Environmental groups have taken to the judicial system in their latest attempt to derail construction of the Keystone XL pipeline.
TransCanada Corporation has dealt with years of delays and stonewalling from those opposed to the Keystone XL pipeline project. The Calgary-based energy company was relatively unknown until it proposed to make an additional line to its extensive pipeline system that runs through the U.S. and Canada. TransCanada entered the national spotlight ever since opposition to Keystone XL became a rallying cry for climate change activists, with numerous protests organized to halt the project.
The Obama White House officially rejected the pipeline in 2015, claiming it wouldn’t do much for the U.S. economy or energy security. But not long after entering office, President Donald Trump reversed this decision and gave Keystone the green light to begin construction.
The president’s support for Keystone has not scuttled activists’ hopes of preventing it. Environmental organizations — such as Center for Biological Diversity, Friends of the Earth, Natural Resources Defense Council, Sierra Club and others — initiated a lawsuit in March 2017, claiming Trump’s approval of Keystone was unlawful. Their case is being held in the U.S. District Court for the District of Montana.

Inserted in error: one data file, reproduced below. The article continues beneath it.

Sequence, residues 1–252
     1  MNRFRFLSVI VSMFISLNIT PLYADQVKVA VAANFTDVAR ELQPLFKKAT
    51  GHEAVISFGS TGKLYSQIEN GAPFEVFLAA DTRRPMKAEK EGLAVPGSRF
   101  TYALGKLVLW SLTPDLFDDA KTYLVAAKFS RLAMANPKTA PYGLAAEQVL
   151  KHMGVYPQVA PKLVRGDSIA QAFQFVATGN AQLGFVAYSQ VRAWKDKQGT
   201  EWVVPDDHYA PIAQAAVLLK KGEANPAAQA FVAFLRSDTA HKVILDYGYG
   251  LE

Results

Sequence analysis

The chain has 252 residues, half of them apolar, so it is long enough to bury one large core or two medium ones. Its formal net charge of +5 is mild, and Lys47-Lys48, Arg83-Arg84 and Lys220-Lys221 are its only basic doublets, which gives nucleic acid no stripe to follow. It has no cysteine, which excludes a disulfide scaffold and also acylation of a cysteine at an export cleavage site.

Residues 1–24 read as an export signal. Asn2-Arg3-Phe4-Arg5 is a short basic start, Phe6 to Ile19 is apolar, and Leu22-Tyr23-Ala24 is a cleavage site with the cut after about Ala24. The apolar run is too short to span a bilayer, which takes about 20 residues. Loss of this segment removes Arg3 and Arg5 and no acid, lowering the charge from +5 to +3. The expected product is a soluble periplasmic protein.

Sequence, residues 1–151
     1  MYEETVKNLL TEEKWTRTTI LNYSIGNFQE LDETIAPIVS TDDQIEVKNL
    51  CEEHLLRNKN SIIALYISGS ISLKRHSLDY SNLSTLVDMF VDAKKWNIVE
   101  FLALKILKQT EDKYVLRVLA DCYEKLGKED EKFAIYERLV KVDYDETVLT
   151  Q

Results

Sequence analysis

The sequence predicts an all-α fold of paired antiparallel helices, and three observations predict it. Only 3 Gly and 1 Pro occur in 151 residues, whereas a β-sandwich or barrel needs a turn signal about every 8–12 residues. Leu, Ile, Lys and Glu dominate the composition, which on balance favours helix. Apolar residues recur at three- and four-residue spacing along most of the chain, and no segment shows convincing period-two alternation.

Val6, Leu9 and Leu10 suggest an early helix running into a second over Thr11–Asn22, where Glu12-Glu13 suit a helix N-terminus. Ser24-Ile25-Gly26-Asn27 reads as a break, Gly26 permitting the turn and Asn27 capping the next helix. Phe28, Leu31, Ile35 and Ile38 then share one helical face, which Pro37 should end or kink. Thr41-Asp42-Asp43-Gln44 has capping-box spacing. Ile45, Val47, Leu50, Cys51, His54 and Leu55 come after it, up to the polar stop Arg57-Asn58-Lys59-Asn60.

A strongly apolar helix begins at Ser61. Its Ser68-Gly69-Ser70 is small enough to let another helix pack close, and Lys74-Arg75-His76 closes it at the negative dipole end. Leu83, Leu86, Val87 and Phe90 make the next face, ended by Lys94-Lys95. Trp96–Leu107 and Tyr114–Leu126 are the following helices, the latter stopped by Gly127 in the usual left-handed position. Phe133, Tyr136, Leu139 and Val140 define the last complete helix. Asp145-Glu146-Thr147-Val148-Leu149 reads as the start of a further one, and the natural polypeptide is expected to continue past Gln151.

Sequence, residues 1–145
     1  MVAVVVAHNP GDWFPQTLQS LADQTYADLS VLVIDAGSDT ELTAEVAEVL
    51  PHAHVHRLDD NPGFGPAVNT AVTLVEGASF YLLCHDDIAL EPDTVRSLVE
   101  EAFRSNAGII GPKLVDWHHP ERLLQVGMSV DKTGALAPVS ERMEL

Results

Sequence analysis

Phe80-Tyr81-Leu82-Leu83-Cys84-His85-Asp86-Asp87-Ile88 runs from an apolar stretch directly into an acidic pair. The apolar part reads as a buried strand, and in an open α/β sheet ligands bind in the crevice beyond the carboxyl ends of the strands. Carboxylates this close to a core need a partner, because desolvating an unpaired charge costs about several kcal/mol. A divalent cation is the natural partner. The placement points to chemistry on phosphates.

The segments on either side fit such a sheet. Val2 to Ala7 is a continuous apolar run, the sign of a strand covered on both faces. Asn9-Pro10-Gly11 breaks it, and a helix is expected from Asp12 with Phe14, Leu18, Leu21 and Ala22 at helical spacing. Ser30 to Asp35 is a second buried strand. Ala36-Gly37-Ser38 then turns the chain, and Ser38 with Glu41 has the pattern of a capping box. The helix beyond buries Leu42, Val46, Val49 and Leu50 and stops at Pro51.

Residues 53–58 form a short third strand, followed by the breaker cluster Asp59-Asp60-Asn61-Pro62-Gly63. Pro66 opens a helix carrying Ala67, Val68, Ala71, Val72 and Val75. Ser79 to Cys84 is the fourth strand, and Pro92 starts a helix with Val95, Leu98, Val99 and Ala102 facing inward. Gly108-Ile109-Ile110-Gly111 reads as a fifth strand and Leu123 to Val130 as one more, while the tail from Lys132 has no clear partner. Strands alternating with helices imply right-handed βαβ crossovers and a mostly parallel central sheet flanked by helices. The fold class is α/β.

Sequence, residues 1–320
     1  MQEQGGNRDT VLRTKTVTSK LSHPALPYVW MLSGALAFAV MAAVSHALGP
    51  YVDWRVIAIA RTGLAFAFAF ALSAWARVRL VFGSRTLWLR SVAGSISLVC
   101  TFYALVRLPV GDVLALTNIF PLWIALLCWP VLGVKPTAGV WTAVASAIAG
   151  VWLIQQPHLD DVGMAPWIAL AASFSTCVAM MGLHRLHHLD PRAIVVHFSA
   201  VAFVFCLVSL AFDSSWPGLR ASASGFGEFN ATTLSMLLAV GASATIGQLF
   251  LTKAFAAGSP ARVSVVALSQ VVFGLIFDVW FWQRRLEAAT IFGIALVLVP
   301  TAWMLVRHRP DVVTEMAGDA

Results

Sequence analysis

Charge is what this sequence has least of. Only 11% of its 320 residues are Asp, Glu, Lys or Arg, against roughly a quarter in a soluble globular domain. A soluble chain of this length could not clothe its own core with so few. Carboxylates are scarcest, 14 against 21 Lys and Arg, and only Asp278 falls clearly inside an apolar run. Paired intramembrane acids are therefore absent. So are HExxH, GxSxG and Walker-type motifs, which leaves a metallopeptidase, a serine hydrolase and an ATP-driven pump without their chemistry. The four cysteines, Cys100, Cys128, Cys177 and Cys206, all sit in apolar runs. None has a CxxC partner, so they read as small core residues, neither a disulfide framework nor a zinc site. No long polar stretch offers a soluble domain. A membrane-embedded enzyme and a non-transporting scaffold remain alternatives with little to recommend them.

Attorneys for the Trump administration on Thursday defended approval of the project in a Montana courtroom. Environmentalists and some Native American groups are asking U.S. District Judge Brian Morris to overturn the pipeline’s approval decision. (RELATED: Trump Deals Another Blow To Obama’s Legacy)
“In approving Keystone XL, the Trump administration unlawfully ignored that it would be a disaster for our climate, wildlife and clean water,” senior attorney at the Center for Biological Diversity Jared Margolis said in a statement released Thursday. “Regulators failed to fully consider this pipeline’s profound threats to the environment and endangered species, including the iconic whooping crane, which would be devastated by the project’s power lines. The government failed to do its job, and this terrible project must be stopped.”
In another Thursday statement, a spokesman for the Natural Resources Defense Council appeared to say her organization would oppose Keystone no matter where on the map it was placed.
“The Trump administration barreled into office eager to appease big polluters, and fast. So fast it acted illegally by approving the KXL project even before it had an approved route,” stated Jackie Prange, a senior attorney at the NRDC. “But no route will ever be safe. Wherever it goes, this dangerous pipeline will always pose an unacceptable risk to water supplies for farmers, ranchers, indigenous people, and communities. We intend to stop it once, and for all.”
Keystone is also battling a separate legal challenge in Nebraska. Landowners are challenging the Nebraska Public Service Commission’s approval of a route through the state.
Keystone is expected to cost around $8 billion to complete. Beginning in Alberta, it will extend through Montana, South Dakota and Nebraska, and will transport up to 830,000 barrels of crude a day.
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